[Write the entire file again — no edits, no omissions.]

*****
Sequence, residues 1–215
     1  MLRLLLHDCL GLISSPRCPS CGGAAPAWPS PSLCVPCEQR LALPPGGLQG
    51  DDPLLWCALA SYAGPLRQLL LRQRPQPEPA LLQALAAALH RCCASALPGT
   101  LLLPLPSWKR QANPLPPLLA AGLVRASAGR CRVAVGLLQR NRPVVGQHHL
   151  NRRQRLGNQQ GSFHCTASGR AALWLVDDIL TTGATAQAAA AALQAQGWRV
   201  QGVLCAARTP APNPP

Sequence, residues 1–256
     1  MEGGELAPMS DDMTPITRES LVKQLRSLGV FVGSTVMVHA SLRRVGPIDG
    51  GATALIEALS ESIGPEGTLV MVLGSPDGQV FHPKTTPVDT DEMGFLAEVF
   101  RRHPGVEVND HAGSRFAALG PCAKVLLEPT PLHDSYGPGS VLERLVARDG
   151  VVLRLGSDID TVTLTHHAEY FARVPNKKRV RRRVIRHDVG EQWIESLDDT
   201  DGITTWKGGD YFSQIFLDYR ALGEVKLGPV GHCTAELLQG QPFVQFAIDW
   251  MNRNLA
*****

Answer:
Sequence, residues 1–215
     1  MLRLLLHDCL GLISSPRCPS CGGAAPAWPS PSLCVPCEQR LALPPGGLQG
    51  DDPLLWCALA SYAGPLRQLL LRQRPQPEPA LLQALAAALH RCCASALPGT
   101  LLLPLPSWKR QANPLPPLLA AGLVRASAGR CRVAVGLLQR NRPVVGQHHL
   151  NRRQRLGNQQ GSFHCTASGR AALWLVDDIL TTGATAQAAA AALQAQGWRV
   201  QGVLCAARTP APNPP

Sequence, residues 1–256
     1  MEGGELAPMS DDMTPITRES LVKQLRSLGV FVGSTVMVHA SLRRVGPIDG
    51  GATALIEALS ESIGPEGTLV MVLGSPDGQV FHPKTTPVDT DEMGFLAEVF
   101  RRHPGVEVND HAGSRFAALG PCAKVLLEPT PLHDSYGPGS VLERLVARDG
   151  VVLRLGSDID TVTLTHHAEY FARVPNKKRV RRRVIRHDVG EQWIESLDDT
   201  DGITTWKGGD YFSQIFLDYR ALGEVKLGPV GHCTAELLQG QPFVQFAIDW
   251  MNRNLA